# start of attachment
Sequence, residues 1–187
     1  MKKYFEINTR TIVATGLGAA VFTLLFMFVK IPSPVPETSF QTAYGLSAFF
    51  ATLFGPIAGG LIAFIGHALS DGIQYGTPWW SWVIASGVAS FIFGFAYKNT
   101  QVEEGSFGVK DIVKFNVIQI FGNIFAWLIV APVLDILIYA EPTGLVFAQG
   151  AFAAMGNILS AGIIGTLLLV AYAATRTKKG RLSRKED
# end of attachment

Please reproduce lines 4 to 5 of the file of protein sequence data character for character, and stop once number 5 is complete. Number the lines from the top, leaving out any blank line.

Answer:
   101  QVEEGSFGVK DIVKFNVIQI FGNIFAWLIV APVLDILIYA EPTGLVFAQG
   151  AFAAMGNILS AGIIGTLLLV AYAATRTKKG RLSRKED